August 4, 2011
By Carolyn Rumery Betz
How do birds know when to fly south in the winter? How do fish know when to migrate upstream to spawn? The relationship between periodic biological phenomenon and climate, known as phenology, is taking on a new dimension these days.
While environmental triggers like the number of daylight hours remain steady, Wisconsin’s climate is changing. Migration patterns of birds and fish may change in response to the warmer nights and winters, increased springtime precipitation, and more frequent intense rain events that Wisconsin is experiencing.
Peter McIntyre, a new faculty member at the University of Wisconsin-Madison, and his doctoral student Evan Childress are using funds from Wisconsin’s Water Resources Institute to better understand how climate change is altering fish migration patterns in streams that flow to the Great Lakes. McIntyre and Childress are particularly interested in learning whether it is flow or temperature that provides the cues to fish that it’s time to spawn.
Suckers, an important food source for large sport fish, usually start to move when the days are warm and the water is clear but before the trees have leafed out. The eggs and excrement they deposit as they move upstream serve as an important source of nutrients that fertilize the growth of the plants and insects living in spawning streams. If peak migration of suckers shifts, their interactions with migrating sturgeon, pike, walleye and redhorse would also be affected. In fact, changing the timing of the nutrient inputs from suckers could alter the dynamics of the entire stream ecosystem.
McIntyre and Childress, based at the Center for Limnology, are also collaborating with the U.S. Geological Survey and the Wisconsin Department of Natural Resources (DNR) to understand future stream flows under various climate change scenarios. Putting together detailed data on the fish migrations with the latest climate forecasts will allow them to forecast migration patterns under predicted climate conditions, including the fact that Great Lakes water temperatures appear to be changing faster than air temperatures.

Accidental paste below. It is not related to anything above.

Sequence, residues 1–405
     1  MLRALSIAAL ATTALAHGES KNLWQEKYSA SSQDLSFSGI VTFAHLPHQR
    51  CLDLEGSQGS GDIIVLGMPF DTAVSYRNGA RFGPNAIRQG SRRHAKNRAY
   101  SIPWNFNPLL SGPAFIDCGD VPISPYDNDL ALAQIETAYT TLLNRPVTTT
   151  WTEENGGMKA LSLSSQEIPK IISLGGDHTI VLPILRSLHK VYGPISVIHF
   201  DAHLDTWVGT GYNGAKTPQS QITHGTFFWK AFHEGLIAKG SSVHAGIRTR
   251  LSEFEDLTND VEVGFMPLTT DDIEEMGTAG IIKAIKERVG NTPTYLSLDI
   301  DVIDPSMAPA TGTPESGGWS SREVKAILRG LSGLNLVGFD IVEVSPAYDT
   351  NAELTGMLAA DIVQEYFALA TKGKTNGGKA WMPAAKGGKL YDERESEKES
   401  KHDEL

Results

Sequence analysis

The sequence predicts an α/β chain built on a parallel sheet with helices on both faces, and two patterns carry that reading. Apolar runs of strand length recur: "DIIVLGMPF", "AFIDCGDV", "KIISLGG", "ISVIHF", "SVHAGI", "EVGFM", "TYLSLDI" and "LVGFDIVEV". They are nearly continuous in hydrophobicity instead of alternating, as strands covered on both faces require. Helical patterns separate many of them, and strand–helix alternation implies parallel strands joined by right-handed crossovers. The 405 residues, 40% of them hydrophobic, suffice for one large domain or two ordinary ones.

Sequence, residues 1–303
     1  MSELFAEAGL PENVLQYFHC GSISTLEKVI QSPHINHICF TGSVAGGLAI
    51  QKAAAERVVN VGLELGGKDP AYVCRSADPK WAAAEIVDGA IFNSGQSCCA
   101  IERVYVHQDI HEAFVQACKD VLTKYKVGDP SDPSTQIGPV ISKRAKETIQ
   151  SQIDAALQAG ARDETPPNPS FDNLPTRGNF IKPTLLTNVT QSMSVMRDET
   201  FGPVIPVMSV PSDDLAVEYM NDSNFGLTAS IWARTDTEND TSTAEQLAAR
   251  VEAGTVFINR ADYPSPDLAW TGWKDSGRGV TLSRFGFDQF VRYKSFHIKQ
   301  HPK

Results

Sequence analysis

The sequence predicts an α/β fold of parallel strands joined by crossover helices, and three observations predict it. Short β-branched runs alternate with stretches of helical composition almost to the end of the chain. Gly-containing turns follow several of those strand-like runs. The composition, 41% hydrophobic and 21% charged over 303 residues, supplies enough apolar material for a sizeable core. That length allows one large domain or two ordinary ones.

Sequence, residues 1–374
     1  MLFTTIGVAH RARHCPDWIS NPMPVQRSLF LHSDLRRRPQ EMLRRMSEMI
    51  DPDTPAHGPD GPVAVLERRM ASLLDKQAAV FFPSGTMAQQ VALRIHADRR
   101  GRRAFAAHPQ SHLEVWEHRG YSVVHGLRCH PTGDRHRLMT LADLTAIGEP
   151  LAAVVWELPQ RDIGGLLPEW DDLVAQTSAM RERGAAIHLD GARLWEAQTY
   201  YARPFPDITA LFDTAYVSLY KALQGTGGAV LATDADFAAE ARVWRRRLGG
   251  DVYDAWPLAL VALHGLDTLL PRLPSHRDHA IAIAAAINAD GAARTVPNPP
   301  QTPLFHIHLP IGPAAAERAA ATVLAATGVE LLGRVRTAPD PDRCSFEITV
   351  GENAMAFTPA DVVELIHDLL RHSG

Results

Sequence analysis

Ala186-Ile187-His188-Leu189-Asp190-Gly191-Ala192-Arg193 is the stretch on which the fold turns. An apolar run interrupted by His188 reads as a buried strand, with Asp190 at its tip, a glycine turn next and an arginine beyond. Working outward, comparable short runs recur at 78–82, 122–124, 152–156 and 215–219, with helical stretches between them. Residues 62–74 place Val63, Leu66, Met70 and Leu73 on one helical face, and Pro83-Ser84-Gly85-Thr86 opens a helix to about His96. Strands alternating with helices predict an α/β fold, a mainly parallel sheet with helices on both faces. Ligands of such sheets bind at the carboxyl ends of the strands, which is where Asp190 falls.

Childress is engaging the public with his research by tapping into a network of citizen volunteers on 22 tributaries to Lake Michigan. The DNR/UW-Extension’s Water Action Volunteers devote about 15 minutes at a consistent time each day for three to five weeks looking for suckers to move upstream. The purposeful watching and documenting of the suckers’ arrival is awe-inspiring, according to Childress. The whole bottom of a little stream may be chock-full of fish.
Coggin Heeringa, is one such citizen scientist based at Crossroads at Big Creek, a 115-acre nature preserve in Sturgeon Bay. She used school groups, scouts and weekend visitors to count fish and take other water measurements.
“Suckers are an easy sell,” said Heeringa. “One second-grader told me that the sucker run is better than fireworks.” She hopes to take part in the monitoring again in 2012 during the second year of the project.
Using citizen volunteers to document local changes may help more people understand that climate change is a local issue.
“We’re downscaling climate change to their backyard,” Childress said. “Understanding that in my local stream, the fish are going to be affected by climate change–that is huge.”
McIntyre noted that work with citizen volunteers has mutual benefits. “We could not collect data from so many places by ourselves, so our volunteers are essential contributors to the research effort as well as new ambassadors for native migratory fishes.”